Published:

Coronavirus 1) Schools to shut from Friday as crisis grows

“Schools across the UK will close from Friday as the government ramps up efforts to curtail the spread of coronavirus. Announcing the decision Gavin Williamson, the education secretary, said there would be exceptions for children of “key workers” in the National Health Service and police, delivery drivers and for vulnerable pupils. Nurseries and private schools would follow the guidance, he said. Speaking at the daily coronavirus briefing simultaneously to Mr Williamson’s announcement, prime minister Boris Johnson said schools were being closed to exert “further downward pressure” on the “upward curve” of the disease’s spread. As part of the move, GCSE and A-level exams will not take place as planned in May and June.” – FT

  • Emergency grades to replace tests under first nationwide closure in history – The Times
  • Closures to remain for ‘quite a considerable time’, Williamson warns – Daily Express
  • Kids on free meals ‘will’ get help if schools shut – The Sun
  • ‘Boris is a legend to all kids for life!’ – Daily Mail
  • Latest advice – HM Government

>Yesterday:

Coronavirus 2) Jenrick takes the lead on planning for ‘lockdown’ of London

“Boris Johnson has asked government departments to draw up plans for a lockdown of London to help stop the spread of coronavirus. The Cabinet Office has written to departments asking for recommendations about restrictions, how they could be implemented and how to ensure “compliance”. The measures, which are being described as a “shielding plan for London”, could be introduced as soon as next week and see businesses closed and restrictions placed on travel. Robert Jenrick, the housing minister, is taking the lead on the policy. Under new emergency powers the government will be able to “close premises” and “restrict or prohibit events and gatherings” including halting cars, buses, trains and planes.” – The Times

  • Around a third of English cases identified in Greater London – Daily Express
  • ‘Superspreader city’ – Daily Mail
  • Up to 40 London Underground stations to shut from today – Daily Telegraph
  • Johnson: ‘We will rule nothing out’ – The Sun
  • ‘Only one person allowed to leave home at a time’ – FT
  • Plans will enforce the closure of restaurants, bars, pubs and cinemas – Daily Telegraph
  • Khan savaged over ‘false’ claim London Tube ‘completely safe’ – Daily Express

More:

  • Government has 24 hours to save Britain’s pubs, industry warns – The Sun
  • Curbs on social life ‘could be relaxed by early summer’ – The Times

>Today: Shaun Bailey in Local Government: Our communities are capable of greatness when we pull together

Coronavirus 3) Wallace announces new military force to aid in emergency

“Ten thousand troops are on standby to combat coronavirus with plans to run hotels as hospitals and man roadblocks if required. The new Covid Support Force, made up of Regular and Reserve units, could be doubled to 20,000 if necessary, the Defence Secretary has announced. Although no requests have so far been made from other Whitehall departments, the MoD says it is ready to backfill police in counter-terrorism tasks as well as routine duties such as roadblocks… The Telegraph understands soldiers and local authorities are also being prepared to work with people suffering emotional distress during self-isolation, amid official concern over the mental toll it could take on those already facing challenging circumstances.” – Daily Telegraph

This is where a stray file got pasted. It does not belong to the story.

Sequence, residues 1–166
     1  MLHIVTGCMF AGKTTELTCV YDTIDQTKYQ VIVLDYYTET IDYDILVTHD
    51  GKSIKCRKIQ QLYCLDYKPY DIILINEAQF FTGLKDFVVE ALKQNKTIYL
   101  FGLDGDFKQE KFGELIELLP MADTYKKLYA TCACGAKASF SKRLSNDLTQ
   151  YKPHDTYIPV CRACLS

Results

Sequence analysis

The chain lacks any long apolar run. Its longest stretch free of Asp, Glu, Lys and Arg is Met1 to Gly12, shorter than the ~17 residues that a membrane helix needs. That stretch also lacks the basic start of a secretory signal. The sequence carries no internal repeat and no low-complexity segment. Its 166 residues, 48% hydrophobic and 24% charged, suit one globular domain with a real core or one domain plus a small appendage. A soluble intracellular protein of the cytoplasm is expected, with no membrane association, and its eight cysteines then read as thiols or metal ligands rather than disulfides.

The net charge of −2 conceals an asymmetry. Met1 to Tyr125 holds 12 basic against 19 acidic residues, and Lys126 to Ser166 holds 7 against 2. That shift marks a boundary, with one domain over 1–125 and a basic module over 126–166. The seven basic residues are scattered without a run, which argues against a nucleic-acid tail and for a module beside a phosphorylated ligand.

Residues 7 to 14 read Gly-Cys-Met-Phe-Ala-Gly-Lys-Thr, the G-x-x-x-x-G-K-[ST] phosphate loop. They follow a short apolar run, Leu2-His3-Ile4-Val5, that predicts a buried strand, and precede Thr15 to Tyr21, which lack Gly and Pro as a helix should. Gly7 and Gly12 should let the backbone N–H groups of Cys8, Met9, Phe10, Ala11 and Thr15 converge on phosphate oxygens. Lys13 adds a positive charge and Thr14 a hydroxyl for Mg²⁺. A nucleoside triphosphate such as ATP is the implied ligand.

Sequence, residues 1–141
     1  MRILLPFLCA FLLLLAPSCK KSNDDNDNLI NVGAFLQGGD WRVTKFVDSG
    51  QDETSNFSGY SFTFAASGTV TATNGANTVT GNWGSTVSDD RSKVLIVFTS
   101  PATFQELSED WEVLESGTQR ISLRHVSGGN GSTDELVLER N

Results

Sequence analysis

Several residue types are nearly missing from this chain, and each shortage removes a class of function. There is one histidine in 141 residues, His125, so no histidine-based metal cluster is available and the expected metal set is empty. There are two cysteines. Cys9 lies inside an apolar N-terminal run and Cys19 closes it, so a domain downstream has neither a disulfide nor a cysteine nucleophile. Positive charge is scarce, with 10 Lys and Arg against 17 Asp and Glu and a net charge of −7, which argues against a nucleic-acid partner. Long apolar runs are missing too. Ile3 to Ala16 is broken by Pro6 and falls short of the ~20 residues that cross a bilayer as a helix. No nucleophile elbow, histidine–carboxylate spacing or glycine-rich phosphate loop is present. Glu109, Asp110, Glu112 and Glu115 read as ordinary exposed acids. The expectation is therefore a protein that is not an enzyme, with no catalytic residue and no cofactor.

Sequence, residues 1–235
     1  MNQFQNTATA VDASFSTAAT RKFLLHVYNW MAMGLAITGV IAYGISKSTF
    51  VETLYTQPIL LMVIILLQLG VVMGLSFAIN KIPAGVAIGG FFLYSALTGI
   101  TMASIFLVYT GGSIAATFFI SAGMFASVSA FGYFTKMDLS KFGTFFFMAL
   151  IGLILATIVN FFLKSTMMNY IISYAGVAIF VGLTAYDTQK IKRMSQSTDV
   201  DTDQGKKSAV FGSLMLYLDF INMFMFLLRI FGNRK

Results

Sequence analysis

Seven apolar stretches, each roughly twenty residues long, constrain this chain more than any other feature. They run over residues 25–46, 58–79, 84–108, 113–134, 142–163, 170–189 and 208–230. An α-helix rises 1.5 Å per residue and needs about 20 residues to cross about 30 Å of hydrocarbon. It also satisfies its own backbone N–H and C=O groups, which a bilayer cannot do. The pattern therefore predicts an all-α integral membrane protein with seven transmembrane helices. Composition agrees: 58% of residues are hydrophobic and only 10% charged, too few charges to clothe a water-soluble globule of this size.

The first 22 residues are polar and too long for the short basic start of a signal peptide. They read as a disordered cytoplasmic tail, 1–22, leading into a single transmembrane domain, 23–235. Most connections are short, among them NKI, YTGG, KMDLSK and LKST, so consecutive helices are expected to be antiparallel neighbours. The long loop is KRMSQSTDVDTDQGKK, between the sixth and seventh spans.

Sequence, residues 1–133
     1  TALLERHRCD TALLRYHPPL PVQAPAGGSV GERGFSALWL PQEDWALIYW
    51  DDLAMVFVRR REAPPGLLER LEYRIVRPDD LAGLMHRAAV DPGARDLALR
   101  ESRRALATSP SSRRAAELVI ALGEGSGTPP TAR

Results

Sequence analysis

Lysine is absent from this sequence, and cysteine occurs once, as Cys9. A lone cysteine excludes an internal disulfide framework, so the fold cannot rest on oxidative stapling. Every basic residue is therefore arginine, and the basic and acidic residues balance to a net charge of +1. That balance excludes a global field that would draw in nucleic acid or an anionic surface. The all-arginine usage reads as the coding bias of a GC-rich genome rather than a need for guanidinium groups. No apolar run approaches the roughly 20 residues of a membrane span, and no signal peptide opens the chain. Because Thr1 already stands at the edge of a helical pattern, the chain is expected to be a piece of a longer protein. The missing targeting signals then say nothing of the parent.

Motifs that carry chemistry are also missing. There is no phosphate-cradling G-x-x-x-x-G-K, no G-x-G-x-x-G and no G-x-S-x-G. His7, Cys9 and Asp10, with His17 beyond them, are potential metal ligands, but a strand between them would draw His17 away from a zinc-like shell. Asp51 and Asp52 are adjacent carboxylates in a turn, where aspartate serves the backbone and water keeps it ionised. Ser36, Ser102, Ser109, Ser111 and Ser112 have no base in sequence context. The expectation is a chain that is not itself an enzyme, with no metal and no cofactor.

• Army gets ready to drive oxygen tankers to hospitals – The Times
  • Troops could set up makeshift hospitals in vacant hotels – FT
  • Soldiers ‘ready to set up emergency morgues’ – Daily Express
  • UK death toll hits 104, with confirmed cases up to 2,226 – The Sun
  • Daily fatality rate doubles – Daily Mail

Coronavirus 4) Government announces three-month freeze on evictions

“The government has announced a three-month ban on evictions in an effort to protect renters during the height of the coronavirus pandemic. Landlords will be prevented from initiating court proceedings to evict tenants from social or private rented accommodation. The measure forms part of emergency legislation to fight the virus. The government had faced criticism for announcing a three-month mortgage holiday for homeowners on Tuesday, without equivalent measures for renters. The payment holiday will be extended to people with buy-to-let mortgages whose tenants are affected by the virus, the government said yesterday. The relief period will last three months but could be extended. When it ends landlords and tenants will be expected to work together to establish an affordable repayment plan, the government said.” – The Times

  • Ministers promise more help for workers and renters – FT